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The Janson Directive

by Robert Ludlum

The Janson Directive by Robert Ludlum X
The Janson Directive by Robert Ludlum
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  • First Published:
    Oct 2002, 542 pages
    Oct 2003, 542 pages

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There are currently 6 reader reviews for The Janson Directive
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Very good
When I close the book, I regret every single minute I'm not reading on.....

Good stuff...

His second book I've read and not the last....for sure

The Janson Directive
Despite the fact that studying a book can often completely destroy its value, The Janson Directive appears better. It's that or I haven't studied it enough.

Ludlum, or the ghostwriter, have researched it thoroughly, and despite the fact the book was published a year after Ludlum's death, the style is perfect throughout making it impossible to tell when Ludlum had died and when the ghostwriter took over.

The pot is excellent, the storyline immaculate, the language suitable for the novel, dialogue realistic, flashbacks in the perfect position, descriptions are vivid and not too long. This book is amazingly written.

I love this book. Before I read it, The Bourne series were the only Ludlum Works that I had read, but now I want to read all of his books! Every single one has an action movie stuffed inside! Anybody would love his works, they are outstanding! OoOoh~~ wHaT CrEaTiVe MiNdS cAn Do!!!=)

This is the first Ludlum book I have read, and I must say I am going to continue reading his work. I almost got fired yesterday because my boss walked in on me reading it!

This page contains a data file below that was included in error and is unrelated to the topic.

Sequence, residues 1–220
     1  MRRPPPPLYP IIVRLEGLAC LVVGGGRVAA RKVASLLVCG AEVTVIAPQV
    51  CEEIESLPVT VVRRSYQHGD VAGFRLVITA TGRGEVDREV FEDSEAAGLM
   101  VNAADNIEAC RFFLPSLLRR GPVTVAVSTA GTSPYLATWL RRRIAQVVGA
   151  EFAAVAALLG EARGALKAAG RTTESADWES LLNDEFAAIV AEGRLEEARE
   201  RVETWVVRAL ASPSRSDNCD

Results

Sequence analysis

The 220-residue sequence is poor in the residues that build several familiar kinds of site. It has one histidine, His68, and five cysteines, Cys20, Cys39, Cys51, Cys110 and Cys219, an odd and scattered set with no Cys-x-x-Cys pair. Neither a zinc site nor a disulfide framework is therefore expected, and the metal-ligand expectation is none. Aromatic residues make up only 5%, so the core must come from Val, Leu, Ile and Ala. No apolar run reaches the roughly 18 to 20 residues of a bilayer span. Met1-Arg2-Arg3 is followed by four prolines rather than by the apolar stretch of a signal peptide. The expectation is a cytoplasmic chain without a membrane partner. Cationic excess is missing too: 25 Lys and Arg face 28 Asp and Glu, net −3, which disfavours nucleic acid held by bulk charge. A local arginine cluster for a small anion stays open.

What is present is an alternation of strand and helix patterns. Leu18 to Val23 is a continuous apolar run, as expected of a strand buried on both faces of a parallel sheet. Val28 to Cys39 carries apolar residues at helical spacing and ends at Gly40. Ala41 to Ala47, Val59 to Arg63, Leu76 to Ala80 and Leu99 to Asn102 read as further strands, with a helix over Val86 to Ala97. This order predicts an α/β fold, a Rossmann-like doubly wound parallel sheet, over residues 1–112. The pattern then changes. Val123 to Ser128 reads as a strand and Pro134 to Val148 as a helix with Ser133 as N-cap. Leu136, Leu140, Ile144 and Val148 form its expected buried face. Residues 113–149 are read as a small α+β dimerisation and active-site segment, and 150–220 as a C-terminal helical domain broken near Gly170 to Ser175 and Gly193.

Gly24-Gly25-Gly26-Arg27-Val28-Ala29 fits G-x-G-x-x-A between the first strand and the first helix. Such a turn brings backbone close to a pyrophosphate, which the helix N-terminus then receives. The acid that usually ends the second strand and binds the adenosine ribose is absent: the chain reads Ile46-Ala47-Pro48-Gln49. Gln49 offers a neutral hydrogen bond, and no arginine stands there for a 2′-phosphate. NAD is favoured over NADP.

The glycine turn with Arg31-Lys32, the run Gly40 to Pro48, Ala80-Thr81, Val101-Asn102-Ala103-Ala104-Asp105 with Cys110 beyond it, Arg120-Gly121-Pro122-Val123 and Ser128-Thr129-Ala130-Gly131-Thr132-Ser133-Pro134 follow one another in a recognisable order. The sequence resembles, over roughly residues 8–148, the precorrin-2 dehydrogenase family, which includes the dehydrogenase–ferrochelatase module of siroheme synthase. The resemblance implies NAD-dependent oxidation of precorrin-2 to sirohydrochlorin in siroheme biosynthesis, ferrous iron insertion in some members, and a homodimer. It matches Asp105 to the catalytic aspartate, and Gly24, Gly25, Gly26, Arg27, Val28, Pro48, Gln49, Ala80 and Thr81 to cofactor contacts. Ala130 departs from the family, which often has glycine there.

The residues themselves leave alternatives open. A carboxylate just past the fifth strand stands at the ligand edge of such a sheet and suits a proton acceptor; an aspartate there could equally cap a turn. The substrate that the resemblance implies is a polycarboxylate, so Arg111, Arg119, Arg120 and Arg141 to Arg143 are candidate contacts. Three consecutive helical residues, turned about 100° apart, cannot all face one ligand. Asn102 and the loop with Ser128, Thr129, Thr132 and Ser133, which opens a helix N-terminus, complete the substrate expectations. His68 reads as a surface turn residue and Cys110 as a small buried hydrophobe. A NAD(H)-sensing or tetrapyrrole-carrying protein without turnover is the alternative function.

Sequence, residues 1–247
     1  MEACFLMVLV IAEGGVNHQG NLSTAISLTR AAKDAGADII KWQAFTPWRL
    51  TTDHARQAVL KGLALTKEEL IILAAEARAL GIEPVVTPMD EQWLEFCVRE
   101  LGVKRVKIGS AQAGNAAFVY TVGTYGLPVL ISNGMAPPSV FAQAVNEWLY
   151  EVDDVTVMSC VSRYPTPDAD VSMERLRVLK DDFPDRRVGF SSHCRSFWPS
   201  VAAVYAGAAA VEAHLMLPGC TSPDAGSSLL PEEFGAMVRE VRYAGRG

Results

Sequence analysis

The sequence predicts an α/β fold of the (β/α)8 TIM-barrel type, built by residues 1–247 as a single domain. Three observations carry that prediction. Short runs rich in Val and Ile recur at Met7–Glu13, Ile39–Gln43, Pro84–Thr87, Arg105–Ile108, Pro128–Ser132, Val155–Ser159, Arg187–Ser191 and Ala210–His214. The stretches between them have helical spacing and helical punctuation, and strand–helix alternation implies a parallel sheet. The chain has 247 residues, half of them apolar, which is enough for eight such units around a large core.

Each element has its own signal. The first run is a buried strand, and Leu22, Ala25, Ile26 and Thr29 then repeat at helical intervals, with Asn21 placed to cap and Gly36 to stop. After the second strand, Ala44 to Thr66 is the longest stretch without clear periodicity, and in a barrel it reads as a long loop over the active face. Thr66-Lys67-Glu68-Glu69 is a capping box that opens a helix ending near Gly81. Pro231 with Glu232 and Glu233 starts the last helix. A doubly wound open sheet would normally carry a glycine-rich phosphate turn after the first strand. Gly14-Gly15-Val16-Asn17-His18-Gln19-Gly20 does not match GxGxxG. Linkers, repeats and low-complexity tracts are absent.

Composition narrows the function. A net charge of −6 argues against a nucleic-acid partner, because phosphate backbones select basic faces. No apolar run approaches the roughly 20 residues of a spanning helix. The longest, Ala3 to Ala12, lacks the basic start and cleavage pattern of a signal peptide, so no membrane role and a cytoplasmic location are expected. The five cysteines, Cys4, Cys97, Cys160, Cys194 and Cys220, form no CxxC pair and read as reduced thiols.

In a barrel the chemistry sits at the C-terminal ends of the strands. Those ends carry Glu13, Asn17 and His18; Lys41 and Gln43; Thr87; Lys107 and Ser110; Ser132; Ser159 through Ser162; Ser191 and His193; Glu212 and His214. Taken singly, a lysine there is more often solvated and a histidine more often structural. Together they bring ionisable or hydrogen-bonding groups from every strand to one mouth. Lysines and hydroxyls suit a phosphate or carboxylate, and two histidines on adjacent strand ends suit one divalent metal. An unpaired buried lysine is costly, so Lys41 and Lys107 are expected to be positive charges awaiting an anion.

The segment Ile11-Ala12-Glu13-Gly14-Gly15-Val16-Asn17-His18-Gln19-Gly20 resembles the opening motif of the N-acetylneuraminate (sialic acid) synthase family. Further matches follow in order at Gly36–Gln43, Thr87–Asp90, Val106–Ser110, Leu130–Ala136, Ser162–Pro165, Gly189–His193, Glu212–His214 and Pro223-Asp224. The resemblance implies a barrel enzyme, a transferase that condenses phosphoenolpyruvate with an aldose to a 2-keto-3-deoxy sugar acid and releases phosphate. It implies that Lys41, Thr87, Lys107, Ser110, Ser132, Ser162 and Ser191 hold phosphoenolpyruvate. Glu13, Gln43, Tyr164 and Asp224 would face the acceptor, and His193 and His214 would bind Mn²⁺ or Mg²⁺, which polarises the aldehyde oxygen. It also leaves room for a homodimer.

Joseph Sta Ana

Janson Directive
A very good read. It interests me how LUDLUM was able to put so many events into one incredible story, from an infiltration to a walk in the park. LUDLUM puts a unique creativity, ingenuity and complexity that (for me) even the great Michael Crichton can rival.
Ramadas Mannattil

In Page 86-87 of the paperback edition, the reference to a "dravidian tongue" appears. Janson goes into the well guarded headquarters of Ahmed Tabari to save Peter Novak who was supposed to be a prisoner there.
Most people would skip the part the Kagama guards are talking as some language. But Robert Ludlum has done good research and trasliterated a very popular Dravidian tongue without writing the name of the language. The guards are talking about a bandicoot let loose by Janson to confuse them, in the language called "Tamil". This is the oldest and still most widely spoken dravidian language in India, Mauritius, SriLanka, Singapore, Malaysia and Indonesia!
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